This is a pretty good new book about the Russian counter-offensive at Moscow in late 1941 and early 1942. The conventional wisdom for this campaign is generally described as some kind of Russian victory--depending on the author's perspective, either a minor, pyrrhic victory, or a decisive, turning-point type victory. Conventional wisdom also notes that one of major factors in this campaign--guaranteeing German defeat (or victory) was Hitler's "Stand Fast" order prohibiting any German retreats as the Russians poured through gaps in the line. Finally, conventional wisdom claims that the Germans suffered debilitating losses during these winter battles, often due to the frigid weather more than the Soviets.
In this book, Stahel seeks to overturn all of these kernels of conventional wisdom. First, he challenges the notion that the counter-offensive was a Soviet victory at all, pointing out that the offensive fell well short of Stalin's ambitious goals, and that the chief effect of the Russian attacks was the disproportionate slaughter of massive amounts of Soviet troops for no gain--troops that could (and should) have been either concentrated into a smaller number of decisive thrusts or husbanded for use in the spring/summer. While this is no doubt true, Stahel generally tries to prove the point by anecdotal evidence--reports of individual skirmishes, letters from home, unit diaries, etc., and I don't recall seeing overall comparative casualty figures in the book.
For the second point, while Stahel is highly critical of Hitler's interference in professional officers' judgments about how to conduct the fighting in Russia (in one remarkable incident, he describes Hitler's demand to know exactly how many machine guns were deployed in the cemetery of a particular Russian town), he claims that previous histories have ignored the extent to which Hitler's Stand Fast order was ignored by units on the ground. The author claims that while many of these orders and withdrawals were not documented, careful analysis of unit diaries, letters, etc. show that many officers successfully covered up their own limited withdrawals and those of their subordinates. Unlike most other historians, Stahel also credits General Kluge, the then-commander of Army Group Center, with a masterful ability to push his subordinates to hold their ground, while incessantly seeking permission from Hitler for withdrawal from critical sectors. Generally his arguments and evidence on these points is convincing.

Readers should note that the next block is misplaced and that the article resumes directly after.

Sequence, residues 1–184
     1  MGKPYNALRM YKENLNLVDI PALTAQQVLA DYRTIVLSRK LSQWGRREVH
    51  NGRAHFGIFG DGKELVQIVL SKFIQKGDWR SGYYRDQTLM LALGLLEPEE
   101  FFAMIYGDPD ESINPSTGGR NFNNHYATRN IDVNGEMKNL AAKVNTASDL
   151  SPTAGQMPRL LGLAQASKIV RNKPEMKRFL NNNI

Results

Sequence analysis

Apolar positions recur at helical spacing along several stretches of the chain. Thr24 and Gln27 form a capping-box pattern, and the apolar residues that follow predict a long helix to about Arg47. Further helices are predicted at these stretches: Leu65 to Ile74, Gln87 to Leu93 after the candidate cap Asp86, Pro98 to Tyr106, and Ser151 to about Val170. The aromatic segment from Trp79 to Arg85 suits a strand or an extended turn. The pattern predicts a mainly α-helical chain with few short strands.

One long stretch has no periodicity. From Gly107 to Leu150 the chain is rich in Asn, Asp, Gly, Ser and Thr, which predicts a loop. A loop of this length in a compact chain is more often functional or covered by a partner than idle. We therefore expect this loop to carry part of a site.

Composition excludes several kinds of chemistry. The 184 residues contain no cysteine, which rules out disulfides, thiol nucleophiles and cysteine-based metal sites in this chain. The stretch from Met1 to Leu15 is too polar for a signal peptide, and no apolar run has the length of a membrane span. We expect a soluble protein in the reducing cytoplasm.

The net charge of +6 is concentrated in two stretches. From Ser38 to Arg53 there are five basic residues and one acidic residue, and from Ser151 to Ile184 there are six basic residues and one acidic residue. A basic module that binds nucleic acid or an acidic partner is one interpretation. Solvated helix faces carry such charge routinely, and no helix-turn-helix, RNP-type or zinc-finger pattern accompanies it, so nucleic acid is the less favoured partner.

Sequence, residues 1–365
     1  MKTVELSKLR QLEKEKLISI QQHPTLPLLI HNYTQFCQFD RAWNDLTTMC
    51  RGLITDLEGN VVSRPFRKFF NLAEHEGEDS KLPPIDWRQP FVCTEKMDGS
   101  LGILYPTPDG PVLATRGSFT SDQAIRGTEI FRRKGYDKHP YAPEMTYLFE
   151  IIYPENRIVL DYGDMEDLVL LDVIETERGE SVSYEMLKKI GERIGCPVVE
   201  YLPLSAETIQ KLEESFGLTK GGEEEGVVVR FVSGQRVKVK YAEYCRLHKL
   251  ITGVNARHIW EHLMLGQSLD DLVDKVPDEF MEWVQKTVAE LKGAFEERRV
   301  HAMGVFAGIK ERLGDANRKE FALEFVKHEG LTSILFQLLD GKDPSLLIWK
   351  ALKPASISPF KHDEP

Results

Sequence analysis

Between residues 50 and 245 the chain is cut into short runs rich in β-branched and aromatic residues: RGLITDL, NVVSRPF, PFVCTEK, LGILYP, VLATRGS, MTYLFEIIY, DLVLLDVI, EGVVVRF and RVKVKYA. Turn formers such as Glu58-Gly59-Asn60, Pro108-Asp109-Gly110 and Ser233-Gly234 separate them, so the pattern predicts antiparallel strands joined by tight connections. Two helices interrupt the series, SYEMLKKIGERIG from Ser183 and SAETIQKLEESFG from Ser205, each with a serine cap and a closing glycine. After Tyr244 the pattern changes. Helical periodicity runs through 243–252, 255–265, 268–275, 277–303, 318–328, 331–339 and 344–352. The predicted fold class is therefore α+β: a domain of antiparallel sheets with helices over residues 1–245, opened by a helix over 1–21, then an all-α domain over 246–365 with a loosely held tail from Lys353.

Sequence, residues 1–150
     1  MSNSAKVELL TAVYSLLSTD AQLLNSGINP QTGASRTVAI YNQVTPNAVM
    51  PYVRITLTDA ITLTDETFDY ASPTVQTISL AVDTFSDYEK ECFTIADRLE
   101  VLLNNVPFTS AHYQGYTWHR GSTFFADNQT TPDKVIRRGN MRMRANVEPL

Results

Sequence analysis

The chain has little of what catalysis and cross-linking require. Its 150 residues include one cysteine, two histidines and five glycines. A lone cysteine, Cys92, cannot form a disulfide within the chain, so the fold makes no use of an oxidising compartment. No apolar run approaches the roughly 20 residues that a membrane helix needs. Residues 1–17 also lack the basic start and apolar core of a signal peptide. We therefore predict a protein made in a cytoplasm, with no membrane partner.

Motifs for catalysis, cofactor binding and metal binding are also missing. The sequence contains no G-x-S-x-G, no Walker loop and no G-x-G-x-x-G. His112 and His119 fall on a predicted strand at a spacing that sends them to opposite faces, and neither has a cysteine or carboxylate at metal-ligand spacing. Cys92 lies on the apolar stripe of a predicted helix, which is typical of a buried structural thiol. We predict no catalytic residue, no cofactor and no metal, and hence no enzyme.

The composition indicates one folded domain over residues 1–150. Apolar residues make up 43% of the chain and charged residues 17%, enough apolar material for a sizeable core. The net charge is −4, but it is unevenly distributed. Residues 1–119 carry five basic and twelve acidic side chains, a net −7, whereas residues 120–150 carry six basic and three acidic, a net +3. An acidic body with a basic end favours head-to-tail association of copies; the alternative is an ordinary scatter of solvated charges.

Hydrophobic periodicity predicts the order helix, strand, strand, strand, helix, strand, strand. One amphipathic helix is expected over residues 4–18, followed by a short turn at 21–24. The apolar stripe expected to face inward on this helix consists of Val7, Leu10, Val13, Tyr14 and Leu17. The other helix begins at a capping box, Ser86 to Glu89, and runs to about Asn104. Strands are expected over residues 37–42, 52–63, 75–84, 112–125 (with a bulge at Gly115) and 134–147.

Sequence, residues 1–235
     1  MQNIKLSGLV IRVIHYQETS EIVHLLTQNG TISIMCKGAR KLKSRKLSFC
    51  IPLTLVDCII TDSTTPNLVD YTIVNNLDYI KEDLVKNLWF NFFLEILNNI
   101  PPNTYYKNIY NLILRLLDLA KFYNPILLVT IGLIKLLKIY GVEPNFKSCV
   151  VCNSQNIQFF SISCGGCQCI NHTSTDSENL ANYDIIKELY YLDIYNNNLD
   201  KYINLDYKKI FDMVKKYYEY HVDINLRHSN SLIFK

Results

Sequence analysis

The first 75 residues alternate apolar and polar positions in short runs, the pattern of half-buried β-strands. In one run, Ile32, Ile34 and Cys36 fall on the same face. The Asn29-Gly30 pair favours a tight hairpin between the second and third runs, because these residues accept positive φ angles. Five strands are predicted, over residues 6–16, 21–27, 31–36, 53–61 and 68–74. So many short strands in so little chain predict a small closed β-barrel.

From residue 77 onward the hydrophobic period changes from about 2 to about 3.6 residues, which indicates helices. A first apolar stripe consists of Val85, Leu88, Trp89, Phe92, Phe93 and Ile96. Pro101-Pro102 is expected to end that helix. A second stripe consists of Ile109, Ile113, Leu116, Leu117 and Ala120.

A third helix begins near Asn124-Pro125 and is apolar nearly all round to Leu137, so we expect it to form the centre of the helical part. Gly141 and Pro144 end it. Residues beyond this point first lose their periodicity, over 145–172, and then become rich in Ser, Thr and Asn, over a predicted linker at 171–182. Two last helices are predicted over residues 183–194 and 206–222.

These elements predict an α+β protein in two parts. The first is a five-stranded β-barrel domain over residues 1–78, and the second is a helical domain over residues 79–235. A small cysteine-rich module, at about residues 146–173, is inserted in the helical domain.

Finally, the author argues that German losses during the Russian counter-offensive were much lower than generally believed, and certainly far lower than Soviet losses. He also asserts that much of the heavy equipment and vehicles which were lost were junk that were near the end of their service lives in any event, so that overall German losses during this campaign were not nearly as crippling as generally believed.
Overall a very interesting, and perhaps slightly provocative book, but the author's contentions seem to be generally backed up by solid, if not compelling evidence. I've rated the book as four stars rather than five because of the almost exclusive focus on the German perspective and the author's heavy reliance on anecdotal evidence such as letters; while such letters are certainly interesting and of evidentiary value, ultimately given the number of soldiers and letters on the eastern front, one could probably find letters supporting almost any point of view.